Why a mercy rule wasn’t in effect might have been the bigger mystery to the audience at MSG, as the West Coast twins ran roughshod over the native New Yorkers. “At 7-0, we were looking at each other, feeling a little weird,” the Bryans noted. They appeared to tamp down the intensity before exiting with an 8-3 win.

The Bryans may have felt some twinges of empathy for their friend and longtime US Davis Cup captain Patrick McEnroe. “He’s a prisoner of war, he got caught in the middle,” laughed the Bryans in the post-match presser, while noting they weren’t alone in drawing McEnroe’s ire. “[Patrick] missed a couple of shots and Johnny Mac rolled his eyes, right from the beginning, you could see it in his face.”

Ultimately the McEnroes’ late rally did little to excite the crowd, who were perhaps stunned at the drubbing the Bryans inflicted in the early-going. While the Bryans seemed to be serving clear notice to the elder team regarding John’s comments, they insisted it was merely a matter of the teams’ respective levels. “There’s no bad blood,” the Bryans said. “I don’t know how Johnny’s gonna take it, but it is what it is. We’re in midseason form and we’re the No. 1 team in the world right now”

In the second match of the evening, World No. 2 Novak Djokovic defeated reigning Wimbledon champion Andy Murray 6-3, 7-6 (2) in a relatively straightforward encounter that saw the retired, reigning ladies champ Marion Bartoli briefly rally with Murray.

Vito Ellison was in Madison Square Garden covering the BNP Paribas Showdown for Tennis Panorama News. Follow his personal twitter @vblacklabel. and visit his site Blacklabeltennis.com.

 

 

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BNP Paribas Showdown Live from MSG on March 3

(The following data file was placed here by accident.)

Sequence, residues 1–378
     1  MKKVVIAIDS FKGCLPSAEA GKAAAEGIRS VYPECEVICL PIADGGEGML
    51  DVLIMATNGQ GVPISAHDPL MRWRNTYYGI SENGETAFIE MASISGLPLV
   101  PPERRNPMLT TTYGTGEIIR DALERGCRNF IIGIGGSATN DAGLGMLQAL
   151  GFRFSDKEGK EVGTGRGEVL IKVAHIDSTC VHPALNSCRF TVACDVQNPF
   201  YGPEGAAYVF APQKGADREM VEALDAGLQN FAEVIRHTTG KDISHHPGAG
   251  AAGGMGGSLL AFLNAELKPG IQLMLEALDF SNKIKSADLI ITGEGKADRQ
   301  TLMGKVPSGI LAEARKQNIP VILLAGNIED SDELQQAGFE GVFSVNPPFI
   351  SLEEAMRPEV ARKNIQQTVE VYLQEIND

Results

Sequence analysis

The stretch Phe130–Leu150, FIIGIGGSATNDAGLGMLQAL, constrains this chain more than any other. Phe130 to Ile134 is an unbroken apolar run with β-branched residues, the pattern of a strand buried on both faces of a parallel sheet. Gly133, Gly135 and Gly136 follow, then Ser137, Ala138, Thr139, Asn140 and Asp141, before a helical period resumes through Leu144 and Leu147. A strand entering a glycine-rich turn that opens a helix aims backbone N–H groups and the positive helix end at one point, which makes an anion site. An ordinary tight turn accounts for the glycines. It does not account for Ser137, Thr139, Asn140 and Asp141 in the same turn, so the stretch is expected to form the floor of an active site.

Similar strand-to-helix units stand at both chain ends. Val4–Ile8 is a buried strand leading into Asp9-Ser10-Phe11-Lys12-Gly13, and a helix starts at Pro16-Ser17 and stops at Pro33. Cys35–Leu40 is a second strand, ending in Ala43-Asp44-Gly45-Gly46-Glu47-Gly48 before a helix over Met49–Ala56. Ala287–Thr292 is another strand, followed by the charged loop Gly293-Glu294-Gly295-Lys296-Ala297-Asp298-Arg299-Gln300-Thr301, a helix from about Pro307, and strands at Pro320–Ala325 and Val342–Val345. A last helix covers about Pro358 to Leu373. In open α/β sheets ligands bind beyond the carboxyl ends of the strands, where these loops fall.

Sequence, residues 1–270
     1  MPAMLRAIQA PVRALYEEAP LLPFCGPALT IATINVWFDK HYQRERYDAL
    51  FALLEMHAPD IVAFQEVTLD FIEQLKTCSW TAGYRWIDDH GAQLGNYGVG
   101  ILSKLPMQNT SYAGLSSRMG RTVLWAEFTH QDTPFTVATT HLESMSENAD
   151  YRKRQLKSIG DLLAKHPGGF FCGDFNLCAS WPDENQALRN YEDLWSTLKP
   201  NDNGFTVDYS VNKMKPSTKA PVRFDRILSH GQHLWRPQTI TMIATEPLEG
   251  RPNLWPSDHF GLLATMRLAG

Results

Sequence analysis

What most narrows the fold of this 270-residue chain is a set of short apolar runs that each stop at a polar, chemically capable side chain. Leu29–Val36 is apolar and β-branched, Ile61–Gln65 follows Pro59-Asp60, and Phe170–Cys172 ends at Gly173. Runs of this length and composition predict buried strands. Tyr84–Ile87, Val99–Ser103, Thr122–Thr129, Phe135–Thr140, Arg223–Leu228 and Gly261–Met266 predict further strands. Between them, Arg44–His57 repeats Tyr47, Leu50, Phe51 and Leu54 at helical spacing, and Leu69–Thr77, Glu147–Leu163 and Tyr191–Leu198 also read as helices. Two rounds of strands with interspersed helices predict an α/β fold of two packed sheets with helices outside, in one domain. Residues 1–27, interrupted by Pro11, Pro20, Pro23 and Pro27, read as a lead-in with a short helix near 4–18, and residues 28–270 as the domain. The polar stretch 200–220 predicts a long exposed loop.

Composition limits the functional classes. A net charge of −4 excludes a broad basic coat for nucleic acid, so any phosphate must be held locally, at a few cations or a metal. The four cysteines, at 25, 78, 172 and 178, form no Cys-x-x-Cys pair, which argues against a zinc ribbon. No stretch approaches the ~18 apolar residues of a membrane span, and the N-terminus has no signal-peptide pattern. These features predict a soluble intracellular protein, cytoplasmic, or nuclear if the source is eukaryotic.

bnpmsg

From ESPN: ESPN3 and ESPN2 will combine to present live the BNP Paribas Showdown 2014 from Madison Square Garden in New York on Monday, March 3, with two matches:

  • A cross-generational, all-U.S.A. battle of brothers in doubles at 7 p.m. on ESPN3 as ESPN commentators John and Patrick McEnroe square off in a pro set against the Bryan Twins – Bob and Mike – of California, who have teamed for 15 Major titles;
  • A 2013 Wimbledon finals rematch at 9 p.m. on ESPN2 and WatchESPN between Novak Djokovic and Andy Murray, who became the first British subject to win the event in London in 77 years, since Fred Perry in 1936.  The duo has won six of the last 11 majors.

 

Chris Fowler will call the matches, working with Brad Gilbert for the doubles, and on the singles with Patrick McEnroe – fresh off the court – with Gilbert courtside.  The Djokovic-Murray match will also be available on broadband in the U.S. in Spanish on ESPN Deportes +.

 

Djokovic, currently ranked No. 2 in the world, has won six Major titles in his career.  Murray, No. 7, has captured two and triumphed over Djokovic in the finals of each – last summer’s Wimbledon and the 2012 US Open.  Nevertheless, the Serbian leads their head-to-head series 11-8.  In addition, he has won 28 of his last 29 matches (including the final 24 of 2013).  Among active players, they are third (Djokovic – 41), and fifth (Murray – 28) for career titles.

 

The Bryan brothers have won all four Majors among their 15 Grand Slam titles, nine different Masters 1000 championships, the World Tour Finals, Olympic Gold, and the Davis Cup.  The own a record 93 titles together and have finished as the year-end No. 1 team nine times.  John McEnroe, one of the great doubles players in the history of the sport, has nine Major men’s doubles titles on his resume, plus a Mixed Doubles victory at the 1977 French Open.  He has teamed with his brother Patrick to win a three doubles championships – in 1984 in Richmond, Va., the Paris Indoor event in November 1992 and the 2012 French Open Over 45 Legends Invitational.  Patrick also won the 1984 French Junior Doubles crown and 16 pro doubles titles, including the French Open in 1989 with Jim Grabb.

 

The BNP Paribas Showdown from MSG will air live internationally on ESPN’s networks in 48 countries throughout Latin America, the Caribbean, Canada, UK, Middle East, Africa and the Pacific Rim.  In addition, ESPN’s broadband players in Latin America & the Caribbean (ESPN Play) and Australia & New Zealand (ESPN3) will also stream live simulcast coverage of this event.